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Mota ACC. Real-time droplet monitoring for digital Polymerase Chain Reaction in microfluidic chip. Neto J, Águas H, eds. Caparica: Faculdade de Ciências e Tecnologia; 2021. Abstract

Current cancer diagnosis techniques are often dependent on the collection of tumour tissue, involving invasive processes for the patient. Circulating Tumour DNA (ctDNA) emerges as an alternative resource for cancer detection and monitoring, that can be har vested from simple blood samples. Digital Polymerase Chain Reaction (dPCR) is a fast and sensitive technique for DNA amplification, suitable for low DNA concentrations such as ctDNA. Advances in microfluidics allow the partition of PCR samples into droplets based in water-in-oil emulsions, so that PCR amplification occurs within each droplet. In this way, the PCR reaction is a well controlled process with a low probability of contami nation and allowing a high throughput analysis. The aimed of this work was to develop droplet-based microfluidic device for application to dPCR technique coupled with real-time droplet monitoring. This work focused on the design and fabrication of a microfluidic device capable of producing a large number of uniform droplets with volumes in the nanoliter range and constant frequency. For this, a polydimethylsiloxane (PDMS) droplet generator device was developed, through photo and soft-lithography techniques, and tested with several oil/water flow rates ratios. Then, the droplets generated were characterized in terms of droplet size, velocity and frequency through the implementation of a powerful open-source software for real-time analysis. Several tests on different devices were carried out to evaluate the device reproducibility. Finally, the droplet generator was incorporated with a serpentine design, allowing the PCR cycles to occur in continuous flow. The results revealed that was possible to generate droplets with radius between 22-99 µm and a coefficient of variation bellow 10%. The correspondents volumes ranged between 90 pL-4.18 nL. Moreover, the velocities obtained situated between 0.05 mm/s-7.62 mm/s with droplet generating frequency of 2-50 Hz. Regarding to the droplet monitoring, the results of the workflows developed revealed similarity with the results obtained trough a widely used software for this purposes, with the advantage of allowing real-time analysis for a larger sample of results.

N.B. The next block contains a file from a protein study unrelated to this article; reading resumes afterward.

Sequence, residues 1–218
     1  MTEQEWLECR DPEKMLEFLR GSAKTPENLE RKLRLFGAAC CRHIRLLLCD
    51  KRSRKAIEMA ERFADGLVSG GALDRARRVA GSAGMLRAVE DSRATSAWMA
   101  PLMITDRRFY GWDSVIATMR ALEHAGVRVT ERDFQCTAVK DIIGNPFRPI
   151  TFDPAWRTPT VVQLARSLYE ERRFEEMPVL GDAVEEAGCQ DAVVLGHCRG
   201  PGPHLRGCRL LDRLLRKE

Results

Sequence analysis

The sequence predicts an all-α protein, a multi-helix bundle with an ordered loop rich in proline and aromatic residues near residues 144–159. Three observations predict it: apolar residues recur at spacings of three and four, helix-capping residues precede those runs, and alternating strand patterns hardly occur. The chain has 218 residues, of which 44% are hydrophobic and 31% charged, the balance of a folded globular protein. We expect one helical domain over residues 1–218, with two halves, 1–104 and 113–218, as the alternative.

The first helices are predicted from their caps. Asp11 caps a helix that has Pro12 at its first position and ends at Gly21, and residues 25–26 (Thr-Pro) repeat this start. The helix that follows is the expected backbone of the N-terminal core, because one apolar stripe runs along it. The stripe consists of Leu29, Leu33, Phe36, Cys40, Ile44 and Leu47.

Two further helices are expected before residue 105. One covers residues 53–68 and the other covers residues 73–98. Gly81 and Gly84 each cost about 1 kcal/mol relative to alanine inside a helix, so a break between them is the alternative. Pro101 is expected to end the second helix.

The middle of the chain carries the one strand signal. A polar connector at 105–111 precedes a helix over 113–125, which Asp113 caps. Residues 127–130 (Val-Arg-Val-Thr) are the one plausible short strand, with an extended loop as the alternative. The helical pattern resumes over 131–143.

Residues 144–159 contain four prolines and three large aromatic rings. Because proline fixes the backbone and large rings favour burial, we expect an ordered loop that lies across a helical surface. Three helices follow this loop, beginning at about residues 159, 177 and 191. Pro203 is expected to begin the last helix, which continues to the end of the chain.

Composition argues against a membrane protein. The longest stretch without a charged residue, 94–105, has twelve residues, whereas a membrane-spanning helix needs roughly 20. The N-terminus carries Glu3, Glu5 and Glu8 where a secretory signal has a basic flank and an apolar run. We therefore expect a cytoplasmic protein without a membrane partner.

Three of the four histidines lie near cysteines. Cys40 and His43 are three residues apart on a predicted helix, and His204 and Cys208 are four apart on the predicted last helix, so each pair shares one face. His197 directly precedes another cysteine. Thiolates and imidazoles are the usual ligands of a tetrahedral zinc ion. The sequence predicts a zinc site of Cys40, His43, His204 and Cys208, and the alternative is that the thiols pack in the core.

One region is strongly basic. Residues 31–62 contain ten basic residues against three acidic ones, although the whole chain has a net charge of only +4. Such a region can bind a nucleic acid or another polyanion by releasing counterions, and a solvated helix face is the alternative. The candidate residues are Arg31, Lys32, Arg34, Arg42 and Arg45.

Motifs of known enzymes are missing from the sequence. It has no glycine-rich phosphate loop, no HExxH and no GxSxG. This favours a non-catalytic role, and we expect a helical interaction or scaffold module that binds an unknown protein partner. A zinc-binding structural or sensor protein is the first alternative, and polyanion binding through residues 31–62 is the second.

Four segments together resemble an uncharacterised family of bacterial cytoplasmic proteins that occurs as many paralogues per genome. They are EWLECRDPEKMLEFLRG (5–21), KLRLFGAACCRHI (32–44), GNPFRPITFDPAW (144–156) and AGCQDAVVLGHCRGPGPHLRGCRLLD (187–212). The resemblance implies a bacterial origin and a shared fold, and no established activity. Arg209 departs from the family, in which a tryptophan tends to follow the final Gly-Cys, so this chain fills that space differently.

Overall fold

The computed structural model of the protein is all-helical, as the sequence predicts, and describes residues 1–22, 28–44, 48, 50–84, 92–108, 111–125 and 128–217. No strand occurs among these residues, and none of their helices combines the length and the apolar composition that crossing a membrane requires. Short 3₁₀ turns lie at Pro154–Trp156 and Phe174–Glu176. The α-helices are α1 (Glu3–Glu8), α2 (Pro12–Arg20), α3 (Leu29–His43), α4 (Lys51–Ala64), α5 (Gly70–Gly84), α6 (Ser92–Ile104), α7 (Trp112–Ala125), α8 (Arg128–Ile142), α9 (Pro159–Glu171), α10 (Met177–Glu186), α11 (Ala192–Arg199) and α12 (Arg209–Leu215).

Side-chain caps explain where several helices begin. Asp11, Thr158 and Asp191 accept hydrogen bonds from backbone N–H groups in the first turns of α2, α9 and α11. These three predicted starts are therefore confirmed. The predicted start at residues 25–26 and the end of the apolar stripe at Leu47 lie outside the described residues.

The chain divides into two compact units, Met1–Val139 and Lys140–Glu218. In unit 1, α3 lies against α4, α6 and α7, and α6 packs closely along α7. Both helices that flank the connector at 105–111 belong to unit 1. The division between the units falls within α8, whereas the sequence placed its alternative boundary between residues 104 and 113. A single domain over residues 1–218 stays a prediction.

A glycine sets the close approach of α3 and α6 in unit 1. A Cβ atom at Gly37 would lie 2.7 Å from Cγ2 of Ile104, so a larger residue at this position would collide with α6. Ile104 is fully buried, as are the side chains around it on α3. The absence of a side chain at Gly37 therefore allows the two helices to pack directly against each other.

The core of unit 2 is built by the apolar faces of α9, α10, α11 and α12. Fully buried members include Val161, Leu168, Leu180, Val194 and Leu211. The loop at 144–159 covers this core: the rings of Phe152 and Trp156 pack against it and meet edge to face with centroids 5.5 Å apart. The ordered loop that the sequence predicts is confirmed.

O
Oliveira B, Veigas B, Fernandes AR, Águas H, Martins R, Fortunato E, Baptista PV. "Fast Prototyping Microfluidics: Integrating Droplet Digital Lamp for Absolute Quantification of Cancer Biomarkers." Sensors. 2020;20(6). AbstractWebsite

Microfluidic (MF) advancements have been leveraged toward the development of state-of-the-art platforms for molecular diagnostics, where isothermal amplification schemes allow for further simplification of DNA detection and quantification protocols. The MF integration with loop-mediated isothermal amplification (LAMP) is today the focus of a new generation of chip-based devices for molecular detection, aiming at fast and automated nucleic acid analysis. Here, we combined MF with droplet digital LAMP (ddLAMP) on an all-in-one device that allows for droplet generation, target amplification, and absolute quantification. This multilayer 3D chip was developed in less than 30 minutes by using a low-cost and extremely adaptable production process that exploits direct laser writing technology in “Shrinky-dinks” polystyrene sheets. ddLAMP and target quantification were performed directly on-chip, showing a high correlation between target concentration and positive droplet score. We validated this integrated chip via the amplification of targets ranging from five to 500,000 copies/reaction. Furthermore, on-chip amplification was performed in a 10 µL volume, attaining a limit of detection of five copies/µL under 60 min. This technology was applied to quantify a cancer biomarker, c-MYC, but it can be further extended to any other disease biomarker.